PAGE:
2017 S’More Entertainment/Rockbeat Records
Arthur Lee: vocals, guitar, harmonica
Mike Randle: guitar
Rusty Squeezebox: guitar, vocal
Dave Chapple: bass
David “Daddy-O” Green: drums
[Orchestra is uncredited but Mike Randle's essay liner notes indicate Stockholm Strings and Horns.]
1. ALONE AGAIN OR (B)
From the first track it’s obvious that a large crowd is attendance for this show and both horns and strings are on hand to kick off the concert. There’s a ‘big’ sound to this with a more forceful rhythm section but it’s not quite as tight as I’ve heard on other attempts at this song. With Rusty Squeezebox helping on vocals in place of Bryan MacLean, Arthur sounds good early on.
2. A HOUSE IS NOT A MOTEL (A)
“I’d like to say it’s a pleasure and an honor being here this evening,” is Lee’s greeting after the leadoff track before diving into a lively version of “A House Is Not a Motel”. With all the instruments tuned just right, they throttle away, thrashing on the buildups through each verse and the lead guitar work emulates the studio version but soars more here sounding a bit like the lead guitar solo of “Love Is More Than Words” as it goes along. It’s the most thunderous moment of the live album, packing more power than any other released live version because of the solo.
3. ANDMOREAGAIN (A-)
Lee is in fine form so far being the prime focus more when we come to this song. His vocals can emulate his 60’s operatic pop style even this late in the band’s career and he touches the right nerves of emotion. The sympathetic and melodic backing is more polished here than on “Alone Again Or” hitting the correct notes more often.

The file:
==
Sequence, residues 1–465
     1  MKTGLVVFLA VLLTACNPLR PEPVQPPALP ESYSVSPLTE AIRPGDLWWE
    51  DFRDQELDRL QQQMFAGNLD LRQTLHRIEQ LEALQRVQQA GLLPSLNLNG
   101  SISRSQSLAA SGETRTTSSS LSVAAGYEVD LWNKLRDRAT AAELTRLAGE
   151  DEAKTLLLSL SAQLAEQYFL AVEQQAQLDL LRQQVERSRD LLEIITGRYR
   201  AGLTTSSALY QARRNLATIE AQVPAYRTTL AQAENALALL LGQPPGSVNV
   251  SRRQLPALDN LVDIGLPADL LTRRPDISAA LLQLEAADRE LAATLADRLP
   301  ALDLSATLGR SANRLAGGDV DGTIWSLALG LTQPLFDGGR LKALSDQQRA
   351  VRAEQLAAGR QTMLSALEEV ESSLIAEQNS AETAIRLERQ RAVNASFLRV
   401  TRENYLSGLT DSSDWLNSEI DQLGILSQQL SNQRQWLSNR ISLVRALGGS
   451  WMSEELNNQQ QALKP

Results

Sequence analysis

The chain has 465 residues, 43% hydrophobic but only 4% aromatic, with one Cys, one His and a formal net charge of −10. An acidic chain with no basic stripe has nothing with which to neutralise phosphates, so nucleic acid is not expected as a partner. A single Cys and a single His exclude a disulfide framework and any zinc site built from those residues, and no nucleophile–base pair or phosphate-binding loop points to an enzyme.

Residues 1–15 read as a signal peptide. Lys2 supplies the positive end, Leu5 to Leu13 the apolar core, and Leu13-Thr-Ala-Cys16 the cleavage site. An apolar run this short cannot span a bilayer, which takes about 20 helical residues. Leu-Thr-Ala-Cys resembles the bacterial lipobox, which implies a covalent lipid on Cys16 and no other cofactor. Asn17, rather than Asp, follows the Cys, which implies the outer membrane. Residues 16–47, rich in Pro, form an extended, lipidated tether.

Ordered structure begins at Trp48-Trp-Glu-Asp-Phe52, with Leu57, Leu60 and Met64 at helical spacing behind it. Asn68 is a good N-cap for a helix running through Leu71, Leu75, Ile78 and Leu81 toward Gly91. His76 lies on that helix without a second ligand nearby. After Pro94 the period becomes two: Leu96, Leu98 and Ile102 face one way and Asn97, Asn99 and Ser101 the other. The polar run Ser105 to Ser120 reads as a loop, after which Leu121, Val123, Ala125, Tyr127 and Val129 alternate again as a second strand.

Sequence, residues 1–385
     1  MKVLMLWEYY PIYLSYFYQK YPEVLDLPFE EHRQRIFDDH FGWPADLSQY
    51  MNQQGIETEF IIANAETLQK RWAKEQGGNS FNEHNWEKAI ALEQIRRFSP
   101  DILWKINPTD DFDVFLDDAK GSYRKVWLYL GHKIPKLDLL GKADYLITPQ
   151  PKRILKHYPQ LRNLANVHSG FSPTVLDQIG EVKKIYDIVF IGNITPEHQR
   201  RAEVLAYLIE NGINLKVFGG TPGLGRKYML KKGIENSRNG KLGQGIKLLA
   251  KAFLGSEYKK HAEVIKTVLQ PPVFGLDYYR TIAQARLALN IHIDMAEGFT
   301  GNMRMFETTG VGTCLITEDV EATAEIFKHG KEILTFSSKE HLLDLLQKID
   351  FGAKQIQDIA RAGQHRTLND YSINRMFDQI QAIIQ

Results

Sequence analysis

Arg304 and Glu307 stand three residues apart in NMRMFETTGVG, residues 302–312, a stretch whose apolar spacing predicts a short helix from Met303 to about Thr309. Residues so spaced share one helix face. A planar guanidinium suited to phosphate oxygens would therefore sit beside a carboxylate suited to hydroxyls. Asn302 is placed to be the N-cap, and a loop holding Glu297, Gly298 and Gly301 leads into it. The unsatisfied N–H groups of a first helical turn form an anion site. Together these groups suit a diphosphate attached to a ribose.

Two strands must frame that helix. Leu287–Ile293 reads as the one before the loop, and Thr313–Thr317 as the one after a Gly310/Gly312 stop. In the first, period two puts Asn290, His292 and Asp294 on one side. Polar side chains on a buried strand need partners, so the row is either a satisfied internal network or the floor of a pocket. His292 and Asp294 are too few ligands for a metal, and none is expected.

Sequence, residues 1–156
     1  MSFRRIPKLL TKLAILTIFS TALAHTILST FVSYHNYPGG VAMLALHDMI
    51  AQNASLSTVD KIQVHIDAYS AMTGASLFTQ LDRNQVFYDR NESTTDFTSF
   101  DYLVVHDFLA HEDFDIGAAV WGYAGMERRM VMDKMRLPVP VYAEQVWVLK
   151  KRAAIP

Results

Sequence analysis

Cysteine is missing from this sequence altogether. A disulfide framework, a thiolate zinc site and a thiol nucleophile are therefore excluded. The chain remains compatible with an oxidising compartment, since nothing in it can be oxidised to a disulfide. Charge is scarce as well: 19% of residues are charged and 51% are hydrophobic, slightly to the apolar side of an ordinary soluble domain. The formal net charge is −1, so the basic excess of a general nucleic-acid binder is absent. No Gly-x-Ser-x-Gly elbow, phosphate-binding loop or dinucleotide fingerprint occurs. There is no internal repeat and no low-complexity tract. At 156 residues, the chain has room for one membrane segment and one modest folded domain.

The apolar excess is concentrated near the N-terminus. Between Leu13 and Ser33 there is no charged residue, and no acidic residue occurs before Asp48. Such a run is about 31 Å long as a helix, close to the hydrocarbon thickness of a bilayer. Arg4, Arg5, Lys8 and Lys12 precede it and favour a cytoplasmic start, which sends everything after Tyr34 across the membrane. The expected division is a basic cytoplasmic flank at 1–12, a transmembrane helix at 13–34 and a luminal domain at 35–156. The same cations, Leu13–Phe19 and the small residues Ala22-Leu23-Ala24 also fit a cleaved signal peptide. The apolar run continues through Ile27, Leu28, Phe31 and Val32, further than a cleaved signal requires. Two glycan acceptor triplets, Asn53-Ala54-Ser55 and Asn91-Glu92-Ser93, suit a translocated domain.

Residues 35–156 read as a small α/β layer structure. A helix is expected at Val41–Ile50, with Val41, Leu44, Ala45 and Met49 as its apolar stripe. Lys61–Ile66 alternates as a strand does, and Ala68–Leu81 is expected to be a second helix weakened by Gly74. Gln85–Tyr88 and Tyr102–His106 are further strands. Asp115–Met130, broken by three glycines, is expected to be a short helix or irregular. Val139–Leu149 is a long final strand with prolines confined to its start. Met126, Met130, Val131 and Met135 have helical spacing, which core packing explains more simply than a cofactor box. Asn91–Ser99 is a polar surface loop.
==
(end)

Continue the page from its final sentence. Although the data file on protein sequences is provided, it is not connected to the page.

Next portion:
4. THE DAILY PLANET (C+)
A decent performance of a song that isn’t too easy to pull off, this one doesn’t stand out, but it’s got some power. Its midsection is weaker as it continues to rock through moments where more dynamics were needed. Glossing over the intricacies of the arrangement mute it some and force it into a more generic rock style.
5. OLD MAN (B+)
By now, Arthur had gotten used to singing Bryan MacLean’s lead vocal and it shows again on “Old Man” as Lee’s sounds strong and in the right voice. The strings and horns have one rocky moment but bring the emotion that versions without them can’t pull off. “For Bryan and his mother” Lee dedicates afterward.
6. THE RED TELEPHONE (B+)
A very good version of “The Red Telephone” comes next without much flaw at all. Perhaps as good as the DVD concert, this version has everything we like most about the song. Still, it doesn’t stand out against the other live versions despite the execution.
7.MAYBE THE PEOPLE WOULD BE THE TIMES OR BETWEEN CLARK AND HILLDALE (A)
This is more like it-a tremendous performance evident by how tight the band are throughout. The horns are at their best here, especially on the syncopated middle with Lee’s spitting ‘ba – ba’s with rapid fire. It’s brighter than the last 4 tracks and feels like its challenging Love’s best live.
8.LIVE AND LET LIVE (A-)
Plenty of fiery electricity pulsing through this one as well as the two guitar solos rip hard and the focus is sharp and clear. The band display their chemistry well here on all sections of the track. They're definitely cooking on the hard rock material.
9. THE GOOD HUMOR MAN HE SEES EVERYTHING LIKE THIS (A-)
So well performed it feels like the original studio recording, this live version lacks any kind of additional creativity live but lacks error as well. While not the easiest rock track to perform, the challenge bar is set high and the high jump was a success. It’s exactly what you’d expect knowing the original-better for the fan that likes a band that gets it right, worse for the fan that wants something additional live.